A stop smoking program that origiated in the Upper Peninsula has made a lasting mark in the entire state.
The Michigan Tobacco Quitline, a program of the Michigan Department of Community Health (MDCH), is marking 10 years of helping Michigan residents achieve a tobacco-free life. In addition, the Quitline surpassed 50,000 enrollees since its inception.
Since 2003, the Michigan Tobacco Quitline has grown from a regional pilot project offering telephone coaching to Upper Peninsula residents to a comprehensive tobacco coaching program offering a wide menu of services to all Michigan residents. Currently, the Quitline offers telephone coaching, web coaching, text messaging, email messaging, referral to local quit smoking programs, and online registration. Coaching is offered live in English and Spanish, and translation services are offered for other languages.
"The history of the Quitline is one of collaboration between the federal government, state government, and countless health professional organizations, local health departments, Medicaid managed care plans, hospitals, pharmacies, and physicians' offices," said James K. Haveman, Director of the MDCH. "Knowing that so many lives have been impacted by the Quitline is a point of pride for the Michigan Department of Community Health, and we look forward to continuing to meet the needs of those who are trying to quit tobacco use in Michigan."
While Michigan has made great strides in reducing tobacco use, there is still work to be done. In 2012, an estimated 23.3 percent of Michigan adults reported that they currently smoke cigarettes on a regular basis, a figure that is higher than the U.S. median prevalence of 19.6 percent. Cigarette smoking is the leading cause of preventable death in the U.S., accounting for more than 440,000 deaths, or one of every five deaths, in the U.S. each year.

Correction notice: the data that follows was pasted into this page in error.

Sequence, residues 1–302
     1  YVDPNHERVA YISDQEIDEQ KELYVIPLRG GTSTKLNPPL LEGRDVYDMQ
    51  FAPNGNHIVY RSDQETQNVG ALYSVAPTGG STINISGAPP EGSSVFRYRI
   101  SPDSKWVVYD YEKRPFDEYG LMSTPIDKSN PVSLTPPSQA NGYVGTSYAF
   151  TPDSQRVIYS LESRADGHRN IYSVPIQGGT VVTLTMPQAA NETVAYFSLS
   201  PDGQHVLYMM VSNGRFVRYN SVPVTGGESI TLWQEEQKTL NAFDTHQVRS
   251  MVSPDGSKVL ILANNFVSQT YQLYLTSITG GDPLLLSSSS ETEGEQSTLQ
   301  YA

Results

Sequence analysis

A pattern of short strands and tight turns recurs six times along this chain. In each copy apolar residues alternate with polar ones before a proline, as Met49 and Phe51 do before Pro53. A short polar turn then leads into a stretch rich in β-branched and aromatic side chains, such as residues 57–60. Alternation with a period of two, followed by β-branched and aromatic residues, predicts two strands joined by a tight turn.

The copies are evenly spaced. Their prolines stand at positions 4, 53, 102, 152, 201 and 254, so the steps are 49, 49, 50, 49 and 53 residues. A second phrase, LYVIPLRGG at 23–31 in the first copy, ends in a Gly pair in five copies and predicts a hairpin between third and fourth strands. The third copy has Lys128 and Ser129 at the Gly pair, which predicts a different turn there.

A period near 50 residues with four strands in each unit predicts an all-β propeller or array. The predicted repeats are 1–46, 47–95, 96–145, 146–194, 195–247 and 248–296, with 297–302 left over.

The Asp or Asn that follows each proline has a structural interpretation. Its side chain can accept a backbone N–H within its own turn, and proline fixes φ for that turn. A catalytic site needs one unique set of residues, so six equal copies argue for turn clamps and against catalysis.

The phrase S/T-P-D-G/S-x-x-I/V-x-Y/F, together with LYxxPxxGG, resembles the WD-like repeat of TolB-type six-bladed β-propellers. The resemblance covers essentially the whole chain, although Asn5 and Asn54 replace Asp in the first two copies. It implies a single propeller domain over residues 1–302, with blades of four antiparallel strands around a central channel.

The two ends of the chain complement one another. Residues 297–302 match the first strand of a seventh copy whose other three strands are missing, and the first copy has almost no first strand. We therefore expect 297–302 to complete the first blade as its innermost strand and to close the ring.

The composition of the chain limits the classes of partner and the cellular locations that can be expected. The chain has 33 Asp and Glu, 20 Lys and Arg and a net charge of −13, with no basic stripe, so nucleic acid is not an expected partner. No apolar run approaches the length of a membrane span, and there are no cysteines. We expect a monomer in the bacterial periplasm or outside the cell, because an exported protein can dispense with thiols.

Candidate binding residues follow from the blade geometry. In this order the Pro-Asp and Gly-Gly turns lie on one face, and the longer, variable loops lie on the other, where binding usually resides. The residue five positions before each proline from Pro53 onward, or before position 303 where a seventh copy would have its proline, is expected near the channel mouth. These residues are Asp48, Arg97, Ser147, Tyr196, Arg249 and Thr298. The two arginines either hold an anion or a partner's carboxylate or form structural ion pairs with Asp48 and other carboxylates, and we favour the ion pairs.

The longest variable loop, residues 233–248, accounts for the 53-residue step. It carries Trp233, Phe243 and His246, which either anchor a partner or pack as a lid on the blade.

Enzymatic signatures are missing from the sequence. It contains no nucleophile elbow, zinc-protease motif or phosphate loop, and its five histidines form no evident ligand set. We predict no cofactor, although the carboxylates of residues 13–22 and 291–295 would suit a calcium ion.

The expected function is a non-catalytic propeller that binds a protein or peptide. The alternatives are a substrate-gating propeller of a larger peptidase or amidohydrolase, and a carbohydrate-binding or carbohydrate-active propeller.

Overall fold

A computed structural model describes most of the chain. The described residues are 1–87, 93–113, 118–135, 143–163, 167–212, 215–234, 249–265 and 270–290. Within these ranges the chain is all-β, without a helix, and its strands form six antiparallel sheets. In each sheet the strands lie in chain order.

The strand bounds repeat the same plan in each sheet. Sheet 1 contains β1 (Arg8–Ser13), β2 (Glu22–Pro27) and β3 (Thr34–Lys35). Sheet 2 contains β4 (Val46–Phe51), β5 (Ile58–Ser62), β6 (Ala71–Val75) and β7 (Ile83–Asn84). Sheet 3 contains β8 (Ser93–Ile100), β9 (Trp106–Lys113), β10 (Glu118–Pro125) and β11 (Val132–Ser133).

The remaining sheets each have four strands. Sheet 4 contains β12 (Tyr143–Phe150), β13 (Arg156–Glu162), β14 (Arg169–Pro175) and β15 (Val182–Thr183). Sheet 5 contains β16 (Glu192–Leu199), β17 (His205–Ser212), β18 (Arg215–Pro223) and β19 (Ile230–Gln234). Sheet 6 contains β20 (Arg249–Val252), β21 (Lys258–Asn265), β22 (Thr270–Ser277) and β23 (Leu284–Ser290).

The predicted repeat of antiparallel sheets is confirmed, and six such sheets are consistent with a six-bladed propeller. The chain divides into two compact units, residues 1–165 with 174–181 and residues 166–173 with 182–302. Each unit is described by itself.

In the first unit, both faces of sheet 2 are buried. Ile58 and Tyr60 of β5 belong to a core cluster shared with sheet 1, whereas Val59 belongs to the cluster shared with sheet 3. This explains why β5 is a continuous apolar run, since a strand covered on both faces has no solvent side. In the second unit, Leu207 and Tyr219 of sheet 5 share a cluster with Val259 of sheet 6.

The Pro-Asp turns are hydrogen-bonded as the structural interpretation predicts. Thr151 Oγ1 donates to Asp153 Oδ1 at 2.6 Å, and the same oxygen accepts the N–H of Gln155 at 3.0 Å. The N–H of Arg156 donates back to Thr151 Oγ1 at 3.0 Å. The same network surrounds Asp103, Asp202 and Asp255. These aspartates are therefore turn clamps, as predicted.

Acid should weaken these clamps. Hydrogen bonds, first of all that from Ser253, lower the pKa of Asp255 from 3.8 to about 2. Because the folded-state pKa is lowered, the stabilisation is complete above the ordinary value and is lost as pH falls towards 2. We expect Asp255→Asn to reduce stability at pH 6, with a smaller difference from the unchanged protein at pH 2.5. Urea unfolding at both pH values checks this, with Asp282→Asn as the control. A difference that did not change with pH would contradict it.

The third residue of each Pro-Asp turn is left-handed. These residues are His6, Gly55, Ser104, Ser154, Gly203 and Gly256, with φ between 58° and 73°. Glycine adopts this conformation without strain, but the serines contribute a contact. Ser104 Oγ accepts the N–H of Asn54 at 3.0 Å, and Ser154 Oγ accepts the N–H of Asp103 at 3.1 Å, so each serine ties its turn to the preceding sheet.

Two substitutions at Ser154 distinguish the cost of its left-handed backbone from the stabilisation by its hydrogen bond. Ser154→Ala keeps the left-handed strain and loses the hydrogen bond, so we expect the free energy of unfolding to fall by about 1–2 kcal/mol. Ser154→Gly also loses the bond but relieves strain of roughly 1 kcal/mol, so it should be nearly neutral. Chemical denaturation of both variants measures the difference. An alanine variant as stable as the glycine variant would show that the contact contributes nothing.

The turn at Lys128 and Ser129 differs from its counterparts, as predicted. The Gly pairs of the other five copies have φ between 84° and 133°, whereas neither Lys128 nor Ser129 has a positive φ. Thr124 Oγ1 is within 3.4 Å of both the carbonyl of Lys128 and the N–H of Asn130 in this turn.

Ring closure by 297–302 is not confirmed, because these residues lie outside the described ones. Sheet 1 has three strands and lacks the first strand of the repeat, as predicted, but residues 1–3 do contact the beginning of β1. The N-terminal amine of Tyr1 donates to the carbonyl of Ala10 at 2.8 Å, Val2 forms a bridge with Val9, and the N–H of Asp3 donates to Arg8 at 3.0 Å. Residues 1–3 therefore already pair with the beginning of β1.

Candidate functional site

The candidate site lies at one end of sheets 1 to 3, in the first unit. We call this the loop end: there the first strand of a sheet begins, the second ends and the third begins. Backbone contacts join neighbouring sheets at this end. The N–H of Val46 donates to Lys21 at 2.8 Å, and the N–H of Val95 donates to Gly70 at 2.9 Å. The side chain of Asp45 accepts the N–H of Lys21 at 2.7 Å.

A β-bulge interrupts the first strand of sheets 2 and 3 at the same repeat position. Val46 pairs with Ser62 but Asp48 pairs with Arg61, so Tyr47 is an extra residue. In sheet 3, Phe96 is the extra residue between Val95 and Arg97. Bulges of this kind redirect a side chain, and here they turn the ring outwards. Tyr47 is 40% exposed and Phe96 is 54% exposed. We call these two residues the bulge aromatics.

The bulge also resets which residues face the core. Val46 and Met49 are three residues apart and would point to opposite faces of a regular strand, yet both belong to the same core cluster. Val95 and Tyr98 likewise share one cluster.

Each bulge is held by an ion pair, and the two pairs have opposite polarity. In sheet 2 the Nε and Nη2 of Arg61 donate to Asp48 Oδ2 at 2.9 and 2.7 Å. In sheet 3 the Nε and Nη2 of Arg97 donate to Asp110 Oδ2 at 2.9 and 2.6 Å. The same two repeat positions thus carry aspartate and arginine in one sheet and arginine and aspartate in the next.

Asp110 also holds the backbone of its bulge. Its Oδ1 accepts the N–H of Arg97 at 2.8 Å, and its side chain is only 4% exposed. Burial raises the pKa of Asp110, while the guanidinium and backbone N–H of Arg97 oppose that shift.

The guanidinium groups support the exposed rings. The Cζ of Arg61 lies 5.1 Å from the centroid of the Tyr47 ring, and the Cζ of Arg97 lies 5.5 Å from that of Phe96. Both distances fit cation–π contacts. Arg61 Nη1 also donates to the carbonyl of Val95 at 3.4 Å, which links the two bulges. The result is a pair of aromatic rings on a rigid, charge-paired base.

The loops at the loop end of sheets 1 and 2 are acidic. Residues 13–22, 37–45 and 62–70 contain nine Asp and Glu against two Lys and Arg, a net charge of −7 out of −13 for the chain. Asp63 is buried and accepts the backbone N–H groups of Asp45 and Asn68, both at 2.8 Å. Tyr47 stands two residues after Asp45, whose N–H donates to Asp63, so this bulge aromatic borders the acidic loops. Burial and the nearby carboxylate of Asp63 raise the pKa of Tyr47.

There are many benefits to quitting smoking, including:
- Lower risk for lung and other types of cancer.
- Reduces the risk for coronary heart disease, stroke, and peripheral vascular disease. Coronary heart disease risk is substantially reduced within 1 to 2 years of quitting.
- Reduces symptoms such as coughing, wheezing, and shortness of breath. The decline in lung function is slower among people who quit than among those who continue to smoke.
- Reduces the risk of developing chronic obstructive pulmonary disease (COPD), one of the leading causes of death in the U.S.
- Smoking cessation by women during their reproductive years or during pregnancy reduces the risk for infertility, and the risk of having a low birth weight baby.
The Michigan Tobacco Quitline is available seven days a week and can be reached at 1-800-QUIT-NOW or michigan.quitlogix.org/. For more information about tobacco use in Michigan, visit www.michigan.gov/tobacco.